Schooled by Meredith Jeffers

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close-up of cell phone keypad (not a touch screen)

The summer I’m 17, I spend my days sipping sweet iced coffee, tanning in the driveway, and flirting with boys I don’t like all that much over text. Then, when the sunset sucks the humidity from the air, I stroll the neighborhood with my friends. Some nights we walk to the ice cream shop and pay in quarters for our cones—vanilla soft-serve with sprinkles, birthday cake, mint chocolate chip. Other nights, my friends sneak blunts from their boyfriends and practice how to blow smoke rings at the 46 School playground. I don’t usually smoke with them, but I, too, consider what I do to be practice: trying to appear cool and carefree; trying to embody the untouchable, reckless confidence only 17-year-old girls possess.

I’m not very good. I worry too much and poorly hide it. I bite my hangnails, pick at the zits on my chin, strap into polka-dotted push-up bras and blush when boys stare, as if this isn’t exactly what I wanted when I pulled my shirt so low. I’ve never kissed a boy, but I’m curious, so I kiss my friends instead. It’s just practice, we say. At sleepovers, we play spin the bottle with empty cans of Arizona Iced Tea, our nervous fingers denting the aluminum.

All summer, I’ve been letting a boy named Nick sext me at night, while I watch Full House reruns. Nick is a friend of a friend, super annoying, but he thinks I’m pretty and I don’t have anything better to do. I want to kiss you, he says, and Wanna send a pic of ur boobs?

I consider it briefly before writing back: I have a flip phone.

Despite my tremendous disinterest, Nick is persistent. One night he promises to buy me a pack of rubber bands shaped like dinosaurs if I give him a hand job. He says: You know, like an exchange. LOL 😉

I’m on a hot streak in Tetris when he texts, so I don’t message him back until I lose 40 minutes later.

Oh, I say. Hmm.  

I don’t want to give him a hand job, but I like making him think I might. He handles the rejection as gracefully as a sixteen-year-old boy can—LOL ok—but this discussion triggers a small lick of panic to grow inside me. Someday, I will touch a penis, and it could very well be Nick’s. I’m not ready to touch a penis. I’m still not positive what one looks like.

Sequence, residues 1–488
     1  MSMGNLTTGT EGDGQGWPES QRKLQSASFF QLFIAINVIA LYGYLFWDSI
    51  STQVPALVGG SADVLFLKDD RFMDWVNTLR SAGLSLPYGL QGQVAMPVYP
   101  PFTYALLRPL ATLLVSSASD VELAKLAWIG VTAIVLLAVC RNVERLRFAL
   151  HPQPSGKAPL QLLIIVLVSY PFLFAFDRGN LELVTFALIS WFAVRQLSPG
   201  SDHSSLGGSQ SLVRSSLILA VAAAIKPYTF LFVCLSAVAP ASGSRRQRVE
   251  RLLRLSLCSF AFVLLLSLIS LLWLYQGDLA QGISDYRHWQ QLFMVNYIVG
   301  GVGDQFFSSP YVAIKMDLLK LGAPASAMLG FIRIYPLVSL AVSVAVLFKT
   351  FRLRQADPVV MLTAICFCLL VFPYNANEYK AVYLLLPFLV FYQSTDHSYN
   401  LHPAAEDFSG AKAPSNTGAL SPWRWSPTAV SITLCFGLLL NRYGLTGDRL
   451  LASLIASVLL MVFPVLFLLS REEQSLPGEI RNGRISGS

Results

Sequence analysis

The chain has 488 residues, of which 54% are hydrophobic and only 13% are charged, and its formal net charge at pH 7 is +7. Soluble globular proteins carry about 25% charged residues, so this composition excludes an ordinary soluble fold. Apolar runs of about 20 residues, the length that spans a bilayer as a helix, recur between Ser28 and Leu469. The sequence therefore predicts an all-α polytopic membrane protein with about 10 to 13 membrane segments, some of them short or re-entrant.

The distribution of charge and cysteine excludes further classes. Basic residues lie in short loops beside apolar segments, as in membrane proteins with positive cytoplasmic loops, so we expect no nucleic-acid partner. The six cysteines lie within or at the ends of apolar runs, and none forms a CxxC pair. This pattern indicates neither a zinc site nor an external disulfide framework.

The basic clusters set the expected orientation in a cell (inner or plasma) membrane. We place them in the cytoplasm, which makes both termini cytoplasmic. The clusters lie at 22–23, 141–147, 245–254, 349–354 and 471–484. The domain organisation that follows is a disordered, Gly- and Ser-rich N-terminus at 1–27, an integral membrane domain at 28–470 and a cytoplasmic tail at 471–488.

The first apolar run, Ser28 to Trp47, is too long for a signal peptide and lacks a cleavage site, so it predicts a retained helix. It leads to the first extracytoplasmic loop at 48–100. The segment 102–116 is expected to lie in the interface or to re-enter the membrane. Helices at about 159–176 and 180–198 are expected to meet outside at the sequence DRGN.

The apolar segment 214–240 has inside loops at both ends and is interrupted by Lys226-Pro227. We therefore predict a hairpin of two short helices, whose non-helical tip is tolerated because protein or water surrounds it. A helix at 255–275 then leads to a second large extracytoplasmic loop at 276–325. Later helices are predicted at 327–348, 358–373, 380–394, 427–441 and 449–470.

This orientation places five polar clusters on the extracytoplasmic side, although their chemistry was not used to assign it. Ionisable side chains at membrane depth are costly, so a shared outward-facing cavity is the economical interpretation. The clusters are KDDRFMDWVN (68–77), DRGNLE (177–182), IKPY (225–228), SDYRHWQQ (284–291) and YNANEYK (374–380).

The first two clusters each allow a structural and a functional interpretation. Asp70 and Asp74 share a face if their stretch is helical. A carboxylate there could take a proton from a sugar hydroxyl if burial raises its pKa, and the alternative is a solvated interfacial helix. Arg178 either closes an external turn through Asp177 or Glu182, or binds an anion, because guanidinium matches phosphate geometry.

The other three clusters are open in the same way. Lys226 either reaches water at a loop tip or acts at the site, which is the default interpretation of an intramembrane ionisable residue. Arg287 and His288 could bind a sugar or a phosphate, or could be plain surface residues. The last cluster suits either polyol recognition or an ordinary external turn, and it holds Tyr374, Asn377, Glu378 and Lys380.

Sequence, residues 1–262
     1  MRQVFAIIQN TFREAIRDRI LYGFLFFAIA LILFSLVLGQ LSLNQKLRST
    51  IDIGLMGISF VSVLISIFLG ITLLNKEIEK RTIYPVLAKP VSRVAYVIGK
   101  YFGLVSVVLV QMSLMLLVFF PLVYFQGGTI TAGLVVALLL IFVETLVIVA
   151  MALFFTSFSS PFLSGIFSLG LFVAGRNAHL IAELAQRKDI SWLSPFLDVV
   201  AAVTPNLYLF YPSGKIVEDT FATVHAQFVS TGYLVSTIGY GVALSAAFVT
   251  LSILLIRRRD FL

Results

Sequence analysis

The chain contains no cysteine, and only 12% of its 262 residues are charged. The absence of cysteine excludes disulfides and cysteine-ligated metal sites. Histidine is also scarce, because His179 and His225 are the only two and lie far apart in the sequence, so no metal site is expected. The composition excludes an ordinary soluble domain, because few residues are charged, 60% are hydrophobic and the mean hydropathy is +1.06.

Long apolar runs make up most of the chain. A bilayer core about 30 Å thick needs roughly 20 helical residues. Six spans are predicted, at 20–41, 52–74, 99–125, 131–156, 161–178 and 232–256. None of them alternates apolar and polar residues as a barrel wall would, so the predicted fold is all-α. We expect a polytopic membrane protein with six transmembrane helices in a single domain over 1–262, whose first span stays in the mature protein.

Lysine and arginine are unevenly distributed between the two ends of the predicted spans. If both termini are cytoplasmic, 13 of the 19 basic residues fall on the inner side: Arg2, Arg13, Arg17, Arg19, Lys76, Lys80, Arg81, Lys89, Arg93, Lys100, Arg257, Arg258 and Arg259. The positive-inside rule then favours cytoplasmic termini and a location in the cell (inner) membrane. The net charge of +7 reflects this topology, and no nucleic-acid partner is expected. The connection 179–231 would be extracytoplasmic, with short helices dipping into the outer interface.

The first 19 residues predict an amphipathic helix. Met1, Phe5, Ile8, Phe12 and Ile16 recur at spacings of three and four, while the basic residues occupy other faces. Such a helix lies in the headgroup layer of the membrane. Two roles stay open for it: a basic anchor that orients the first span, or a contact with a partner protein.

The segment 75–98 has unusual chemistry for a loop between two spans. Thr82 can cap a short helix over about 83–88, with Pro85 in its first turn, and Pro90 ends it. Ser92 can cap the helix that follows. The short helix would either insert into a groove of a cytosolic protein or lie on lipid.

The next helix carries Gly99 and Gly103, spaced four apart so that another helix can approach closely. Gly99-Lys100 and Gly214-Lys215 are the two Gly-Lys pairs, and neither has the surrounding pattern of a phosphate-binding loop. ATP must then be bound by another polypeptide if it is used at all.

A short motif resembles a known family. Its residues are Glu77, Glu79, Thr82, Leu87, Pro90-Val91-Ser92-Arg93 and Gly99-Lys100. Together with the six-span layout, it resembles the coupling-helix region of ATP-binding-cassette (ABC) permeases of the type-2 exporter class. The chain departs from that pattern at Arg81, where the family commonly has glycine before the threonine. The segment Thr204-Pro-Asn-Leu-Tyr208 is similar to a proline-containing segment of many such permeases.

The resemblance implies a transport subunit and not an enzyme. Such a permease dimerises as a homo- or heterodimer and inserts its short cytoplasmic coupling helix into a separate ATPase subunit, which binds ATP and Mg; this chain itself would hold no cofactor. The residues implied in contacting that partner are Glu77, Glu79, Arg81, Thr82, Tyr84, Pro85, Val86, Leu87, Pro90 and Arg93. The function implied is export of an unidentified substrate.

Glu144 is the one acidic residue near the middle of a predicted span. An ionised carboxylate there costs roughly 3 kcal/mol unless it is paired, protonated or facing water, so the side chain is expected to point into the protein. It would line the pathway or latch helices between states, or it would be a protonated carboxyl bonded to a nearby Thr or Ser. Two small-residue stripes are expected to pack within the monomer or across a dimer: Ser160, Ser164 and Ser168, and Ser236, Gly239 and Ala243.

I slowly stop answering Nick’s texts. He asks, What happened? I delete his number instead of texting back. But I miss him immediately, or I think I do. I liked his attention more than I ever liked him. Competing thoughts torment me—look at me, look away. My body vibrates with anxiety.

While I lather my skin in sunscreen and waste away my summer, Mom works overtime. From June into July, and to this hot, muggy August, the scene stays the same: Mom returns home and discovers I forgot to complete the list of chores she left me on the kitchen table. Empty dishwasher. Water flowers. Apply for jobs. It infuriates her. She embodies her anger by loudly doing my chores herself.

“You need a job,” she says, overflowing the watering can.

I stand beside her, arms crossed and barefoot. The pavement stings my feet. “I know,” I say.I’m trying.”

I’m not really trying. I’ve applied everywhere I can within walking distance, since I failed my road test. Twice. But I am inexperienced and unqualified and, frankly, a little lazy. I like my routine: staying up late, sleeping later, watching The Price Is Right while I eat breakfast. My life is simple and uncomplicated. My proximity to boys, weed, and crushed cans of Four Loko gives the illusion that I’m independent and effortless and so mature, but I lack any real responsibility.

I’m just like the song: not a girl, not yet a woman.